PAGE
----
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Compassion – A Western Buddhist’s diary..

When we are walking on the street and look around us, what do we see ? People being busy with their own thoughts, being busy with their own lives,
perhaps small groups of friends or family that have gathered together. That’s how I experience living in a Western society,
 when it comes to being in public spaces,
we are living in our own bubble, where sometimes a bit of air comes flowing
 through. As that is where I live, so I can’t speak for other parts of the world.

There is a lot of freedom here in Denmark compared to some countries, which I am very grateful for, yet there is something missing.
A sense to not just be worried about our image and ego; how we look, what kind of car we drive, what clothes we wear and what kind of phone we have,
or to worry about what WILL THEY THINK OF ME, that seems to be the biggest concern these days, instead of genuinely caring about others.

Most of the time we don’t even look, we don’t even notice who is walking beside us. Occupied minds.
Or we are afraid we can’t trust the people we pass by. Of course you have to be on your guard a little, as there always are people out there to take advantage of kindness,
but overall that shouldn’t make us so closed as we are today. Next to that there should be a growing awareness of selflessness, not just caring about your own needs, but
also considering other peoples feelings, thoughts and ideas, even if you don’t know them so well. Be open to debate and not argument, open to share and perhaps help them out a little when they are in need. Sometimes a simple cup of coffee and a nice conversation and a listening ear, can do the magic. 

Your own attitude towards others will be of course a gradient to what you will get back. But I have to say, even as I tried to be open minded and kind, there can be
these big barriers to overcome. I have friends and for me I also like meeting new people, but still something seemed missing. 
There was also a part of me that felt like giving up, to not look around anymore and just mind my own business, as that’s what society seemed to expect from us.

But then I saw something that gave me hope.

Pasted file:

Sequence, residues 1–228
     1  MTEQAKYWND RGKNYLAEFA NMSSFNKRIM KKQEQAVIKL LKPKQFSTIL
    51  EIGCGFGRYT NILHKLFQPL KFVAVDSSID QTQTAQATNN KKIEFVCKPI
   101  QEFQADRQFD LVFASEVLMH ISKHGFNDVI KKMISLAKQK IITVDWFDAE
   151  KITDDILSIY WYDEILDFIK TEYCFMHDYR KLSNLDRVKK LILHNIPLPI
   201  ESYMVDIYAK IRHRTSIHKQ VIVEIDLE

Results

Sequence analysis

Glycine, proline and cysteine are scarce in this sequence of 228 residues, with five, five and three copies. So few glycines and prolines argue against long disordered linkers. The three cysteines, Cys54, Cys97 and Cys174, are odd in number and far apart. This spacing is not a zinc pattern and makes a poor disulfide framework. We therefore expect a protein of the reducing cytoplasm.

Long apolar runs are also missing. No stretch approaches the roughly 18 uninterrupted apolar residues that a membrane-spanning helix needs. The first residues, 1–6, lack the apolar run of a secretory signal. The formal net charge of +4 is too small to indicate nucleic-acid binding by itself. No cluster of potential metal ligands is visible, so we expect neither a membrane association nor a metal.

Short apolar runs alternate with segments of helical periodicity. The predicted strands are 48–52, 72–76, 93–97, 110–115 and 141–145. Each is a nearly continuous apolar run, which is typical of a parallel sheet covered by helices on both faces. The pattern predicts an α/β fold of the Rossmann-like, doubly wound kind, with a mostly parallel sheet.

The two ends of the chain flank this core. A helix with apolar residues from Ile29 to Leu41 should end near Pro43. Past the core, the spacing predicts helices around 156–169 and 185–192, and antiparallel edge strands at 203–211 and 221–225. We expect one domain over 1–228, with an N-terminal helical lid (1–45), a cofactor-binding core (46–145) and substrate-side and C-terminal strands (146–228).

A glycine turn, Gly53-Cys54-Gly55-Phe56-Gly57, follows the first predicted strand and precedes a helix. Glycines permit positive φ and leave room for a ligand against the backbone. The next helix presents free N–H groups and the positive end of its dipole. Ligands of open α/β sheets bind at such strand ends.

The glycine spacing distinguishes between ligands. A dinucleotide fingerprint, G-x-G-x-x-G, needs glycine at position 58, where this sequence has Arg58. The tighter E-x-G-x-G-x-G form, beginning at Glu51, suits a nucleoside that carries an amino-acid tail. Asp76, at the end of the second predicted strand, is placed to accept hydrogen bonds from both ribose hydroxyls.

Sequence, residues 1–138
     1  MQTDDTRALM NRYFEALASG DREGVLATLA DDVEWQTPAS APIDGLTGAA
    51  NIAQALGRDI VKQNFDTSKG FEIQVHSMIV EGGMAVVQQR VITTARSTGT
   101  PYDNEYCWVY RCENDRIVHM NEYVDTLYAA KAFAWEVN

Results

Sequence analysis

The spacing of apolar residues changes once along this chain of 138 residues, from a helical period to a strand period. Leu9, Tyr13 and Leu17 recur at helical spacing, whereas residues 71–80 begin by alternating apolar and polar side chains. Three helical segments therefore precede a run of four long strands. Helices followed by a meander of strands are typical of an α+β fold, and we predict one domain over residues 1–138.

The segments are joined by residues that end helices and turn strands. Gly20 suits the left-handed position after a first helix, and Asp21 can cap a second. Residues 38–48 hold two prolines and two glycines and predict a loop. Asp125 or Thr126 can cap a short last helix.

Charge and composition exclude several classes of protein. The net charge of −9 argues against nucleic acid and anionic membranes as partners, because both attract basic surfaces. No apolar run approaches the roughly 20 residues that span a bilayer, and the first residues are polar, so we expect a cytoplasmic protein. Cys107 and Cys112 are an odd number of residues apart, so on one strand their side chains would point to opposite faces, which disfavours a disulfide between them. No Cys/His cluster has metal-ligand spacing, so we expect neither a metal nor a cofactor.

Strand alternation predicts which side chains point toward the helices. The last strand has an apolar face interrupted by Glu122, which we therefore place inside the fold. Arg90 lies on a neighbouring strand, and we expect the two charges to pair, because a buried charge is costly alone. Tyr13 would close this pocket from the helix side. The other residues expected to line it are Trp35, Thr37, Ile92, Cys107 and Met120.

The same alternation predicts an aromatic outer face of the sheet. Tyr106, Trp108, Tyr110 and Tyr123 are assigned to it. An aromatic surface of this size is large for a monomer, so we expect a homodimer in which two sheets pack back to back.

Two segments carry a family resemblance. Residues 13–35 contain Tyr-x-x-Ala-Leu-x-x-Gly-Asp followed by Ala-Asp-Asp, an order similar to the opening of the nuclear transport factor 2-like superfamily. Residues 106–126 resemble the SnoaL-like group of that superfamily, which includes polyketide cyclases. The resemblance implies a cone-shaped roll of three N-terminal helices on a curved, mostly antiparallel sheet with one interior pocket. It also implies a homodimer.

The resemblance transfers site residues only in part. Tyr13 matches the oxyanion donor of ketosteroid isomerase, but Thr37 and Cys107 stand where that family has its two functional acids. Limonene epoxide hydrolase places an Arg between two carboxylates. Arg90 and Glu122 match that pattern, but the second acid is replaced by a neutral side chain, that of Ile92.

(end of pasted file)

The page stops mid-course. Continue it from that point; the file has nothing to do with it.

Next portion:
I was always interested in Buddhism and the Dalai Lama, and I found out that there was going to be a lecture in Copenhagen in a few months time.
That seemed like a great opportunity to broaden my knowledge and also perhaps get in touch with others who where also looking for like minded people,
who felt something was missing in society.
The title of the magazine coming with his lecture was ‘My religion is simple, my religion is kindness’. That made me be immediately inspired !

The people in the audience where settled down, and after a beautiful flute solo as an intro, the Dalai Lama appeared. His whole being was just radiating with love and happiness.
Next to that he also appeared to be a man with a great sense of humor.
Even though at that moment in his own country Tibet, there was a brutal crackdown by the Chinese Communist Regime on Tibetan monks, he remained calm and peaceful.

I enjoyed listening to him and I noted a few things down that he said :

* Tolerance is the key to love and compassion.
* When you hate somebody see they are a way to practice tolerance.
* Find inner calm and peace of mind.
* Don’t be afraid, as fear creates hate, so release all fears.
* Be humble.
* Be kind to others.
* Don’t be extremely self centered but open up and see and ‘feel’ other people.
* Intelligence and wealth don’t mean you are a good person. Having a good heart is much more important, is key to everything.
* When you have power, don’t become power hungry. I have a high position, yet place myself equal or even ‘below’ others.

The whole audience was in such a peaceful state of mind, and also feeling the positive energy that when I walked out of the building,
I felt like I wanted to hold on to that feeling of oneness. I decided that even though around me people seem occupied, I will stay how I am,
I will be kind to those that I meet, I will send out positivity and try to be tolerant (which isn’t always easy, when you meet rude people, it’s a new lesson everyday).
And hopefully it will have an effect on those that I encounter anywhere.

I want to show people who might read this, that there is always someone who cares. Even though it doesn’t seem so or the number of people around you seem
self-absorbed, there is always someone in that bus, store or shopping street who looks around and sees and hears others. Just open your own eyes and heart
and you will find them. Taking your time to get to know people who open up and have wonderful stories to tell that you didn’t expect,
and would never have known if you stayed in your own little box.


 

Anne Meijers is an educator based in Denmark.

 

 

 


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